Here’s an example to scale numbers into a range between zero and one.

import pyspark

sc = pyspark.SparkContext()
values = sc.parallelize([1, 2, 3, 4])
min_value = values.reduce(min)
max_value = values.reduce(max)

# We can simply use `min_value` and `max_value` since it's already a Python `int` value from `reduce`.
scaled_values = x: (x - min_value) / (max_value - min_value))

# But to access `scaled_values`, we need to call `collect`.

In Beam the results from all transforms result in a PCollection. We use side inputs to feed a PCollection into a transform and access its values.

Any transform that accepts a function, like Map, can take side inputs. If we only need a single value, we can use beam.pvalue.AsSingleton and access them as a Python value. If we need multiple values, we can use beam.pvalue.AsIter and access them as an iterable.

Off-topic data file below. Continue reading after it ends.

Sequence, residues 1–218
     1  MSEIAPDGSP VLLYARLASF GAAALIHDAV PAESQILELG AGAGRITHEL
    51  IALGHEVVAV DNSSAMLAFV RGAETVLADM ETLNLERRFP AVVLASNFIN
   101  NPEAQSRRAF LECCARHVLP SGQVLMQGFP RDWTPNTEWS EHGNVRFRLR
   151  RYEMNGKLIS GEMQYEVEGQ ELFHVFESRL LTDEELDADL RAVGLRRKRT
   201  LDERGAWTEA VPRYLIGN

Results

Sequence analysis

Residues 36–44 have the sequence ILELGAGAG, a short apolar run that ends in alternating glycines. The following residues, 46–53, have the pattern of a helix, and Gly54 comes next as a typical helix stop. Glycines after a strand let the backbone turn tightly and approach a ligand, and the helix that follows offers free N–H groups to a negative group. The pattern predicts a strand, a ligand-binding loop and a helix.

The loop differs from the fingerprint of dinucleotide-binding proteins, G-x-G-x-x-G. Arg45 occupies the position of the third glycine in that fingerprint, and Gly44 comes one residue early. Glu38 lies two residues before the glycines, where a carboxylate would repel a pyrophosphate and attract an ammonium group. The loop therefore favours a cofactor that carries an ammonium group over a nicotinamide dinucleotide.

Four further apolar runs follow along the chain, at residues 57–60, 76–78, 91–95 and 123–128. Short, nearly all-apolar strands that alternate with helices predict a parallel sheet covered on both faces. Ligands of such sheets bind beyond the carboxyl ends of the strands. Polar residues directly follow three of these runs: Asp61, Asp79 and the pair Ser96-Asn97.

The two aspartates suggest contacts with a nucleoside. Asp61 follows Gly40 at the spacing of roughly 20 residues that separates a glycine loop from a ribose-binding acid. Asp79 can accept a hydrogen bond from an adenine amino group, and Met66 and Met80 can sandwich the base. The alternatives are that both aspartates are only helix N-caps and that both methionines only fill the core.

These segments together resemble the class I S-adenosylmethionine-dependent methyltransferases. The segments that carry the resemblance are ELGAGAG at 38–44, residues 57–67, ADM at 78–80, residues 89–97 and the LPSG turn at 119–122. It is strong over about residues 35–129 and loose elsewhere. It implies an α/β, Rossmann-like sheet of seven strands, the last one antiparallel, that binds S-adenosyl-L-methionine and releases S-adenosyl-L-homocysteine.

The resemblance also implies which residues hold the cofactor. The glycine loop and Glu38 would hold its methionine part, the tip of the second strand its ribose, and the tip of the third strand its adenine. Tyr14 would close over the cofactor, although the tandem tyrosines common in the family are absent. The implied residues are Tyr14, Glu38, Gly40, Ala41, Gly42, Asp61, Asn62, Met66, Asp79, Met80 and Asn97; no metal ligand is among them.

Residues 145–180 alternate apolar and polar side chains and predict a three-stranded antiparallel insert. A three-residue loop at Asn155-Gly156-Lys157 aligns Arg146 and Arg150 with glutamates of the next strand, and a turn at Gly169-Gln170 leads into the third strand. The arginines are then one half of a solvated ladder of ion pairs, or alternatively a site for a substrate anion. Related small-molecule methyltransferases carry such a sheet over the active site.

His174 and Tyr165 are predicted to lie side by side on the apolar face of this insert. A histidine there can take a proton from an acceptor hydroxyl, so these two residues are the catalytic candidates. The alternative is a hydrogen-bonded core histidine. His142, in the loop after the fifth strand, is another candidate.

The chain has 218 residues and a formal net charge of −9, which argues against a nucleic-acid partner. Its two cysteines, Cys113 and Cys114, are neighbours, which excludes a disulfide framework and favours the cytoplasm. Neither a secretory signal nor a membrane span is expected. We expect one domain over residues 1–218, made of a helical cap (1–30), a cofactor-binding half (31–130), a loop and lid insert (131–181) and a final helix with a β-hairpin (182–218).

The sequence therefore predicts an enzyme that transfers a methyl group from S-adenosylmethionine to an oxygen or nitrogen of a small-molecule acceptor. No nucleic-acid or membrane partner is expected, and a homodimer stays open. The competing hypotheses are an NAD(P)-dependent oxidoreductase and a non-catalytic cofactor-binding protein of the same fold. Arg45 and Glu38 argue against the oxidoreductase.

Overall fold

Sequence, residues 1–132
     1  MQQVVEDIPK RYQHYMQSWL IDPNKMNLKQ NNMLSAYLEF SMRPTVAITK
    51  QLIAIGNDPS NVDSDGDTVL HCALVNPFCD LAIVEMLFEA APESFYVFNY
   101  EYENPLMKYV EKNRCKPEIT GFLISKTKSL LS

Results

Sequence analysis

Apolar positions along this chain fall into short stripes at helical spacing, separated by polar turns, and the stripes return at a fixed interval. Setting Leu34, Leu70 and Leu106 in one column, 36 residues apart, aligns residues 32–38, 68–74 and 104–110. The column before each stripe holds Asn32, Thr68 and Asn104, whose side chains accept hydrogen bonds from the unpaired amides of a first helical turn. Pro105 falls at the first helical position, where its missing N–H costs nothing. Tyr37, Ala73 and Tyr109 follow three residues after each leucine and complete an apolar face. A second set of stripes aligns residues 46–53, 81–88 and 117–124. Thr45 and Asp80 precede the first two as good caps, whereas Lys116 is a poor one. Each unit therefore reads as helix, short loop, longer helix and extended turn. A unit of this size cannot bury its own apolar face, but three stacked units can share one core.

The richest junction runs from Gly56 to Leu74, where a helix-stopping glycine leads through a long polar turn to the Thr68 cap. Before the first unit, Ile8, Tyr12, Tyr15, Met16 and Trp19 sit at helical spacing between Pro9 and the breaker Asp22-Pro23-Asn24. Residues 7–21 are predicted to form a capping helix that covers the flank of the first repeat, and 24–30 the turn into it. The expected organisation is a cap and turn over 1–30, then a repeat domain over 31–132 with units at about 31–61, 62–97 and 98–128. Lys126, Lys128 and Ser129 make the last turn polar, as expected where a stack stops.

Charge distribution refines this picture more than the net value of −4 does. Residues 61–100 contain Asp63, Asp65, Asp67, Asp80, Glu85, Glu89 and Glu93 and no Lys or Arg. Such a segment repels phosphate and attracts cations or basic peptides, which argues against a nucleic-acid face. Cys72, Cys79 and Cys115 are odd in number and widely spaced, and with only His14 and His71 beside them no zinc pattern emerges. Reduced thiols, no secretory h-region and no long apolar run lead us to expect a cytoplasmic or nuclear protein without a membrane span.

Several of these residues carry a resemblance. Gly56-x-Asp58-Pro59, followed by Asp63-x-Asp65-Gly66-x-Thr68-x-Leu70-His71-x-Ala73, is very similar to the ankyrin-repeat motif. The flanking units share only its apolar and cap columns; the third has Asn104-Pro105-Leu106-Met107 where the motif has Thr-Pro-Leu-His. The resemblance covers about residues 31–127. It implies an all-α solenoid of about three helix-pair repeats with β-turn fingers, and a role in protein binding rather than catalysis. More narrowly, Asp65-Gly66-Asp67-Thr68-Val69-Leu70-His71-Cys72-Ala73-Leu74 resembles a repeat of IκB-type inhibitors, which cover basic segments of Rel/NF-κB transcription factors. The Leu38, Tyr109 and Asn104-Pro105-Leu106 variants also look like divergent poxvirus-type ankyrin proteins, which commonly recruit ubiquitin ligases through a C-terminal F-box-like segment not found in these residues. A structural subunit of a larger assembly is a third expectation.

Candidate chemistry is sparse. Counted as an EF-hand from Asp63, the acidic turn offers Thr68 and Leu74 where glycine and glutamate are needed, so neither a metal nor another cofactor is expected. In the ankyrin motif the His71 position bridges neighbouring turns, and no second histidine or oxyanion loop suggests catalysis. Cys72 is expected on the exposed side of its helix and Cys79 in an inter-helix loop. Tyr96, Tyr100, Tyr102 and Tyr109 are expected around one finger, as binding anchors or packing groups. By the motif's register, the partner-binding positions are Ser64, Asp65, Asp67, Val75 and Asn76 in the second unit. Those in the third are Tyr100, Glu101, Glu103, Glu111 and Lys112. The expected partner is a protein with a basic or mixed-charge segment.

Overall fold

import apache_beam as beam

with beam.Pipeline() as pipeline:
    values = pipeline | beam.Create([1, 2, 3, 4])
    min_value = values | beam.CombineGlobally(min)
    max_value = values | beam.CombineGlobally(max)

    # To access `min_value` and `max_value`, we need to pass them as a side input.
    scaled_values = values | beam.Map(
        lambda x, minimum, maximum: (x - minimum) / (maximum - minimum),

    scaled_values | beam.Map(print)

ℹ️ In Beam we need to pass a side input explicitly, but we get the benefit that a reduction or aggregation does not have to fit into memory. Lazily computing side inputs also allows us to compute values only once, rather than for each distinct reduction (or requiring explicit caching of the RDD).

Next Steps

Please don’t hesitate to reach out if you encounter any issues!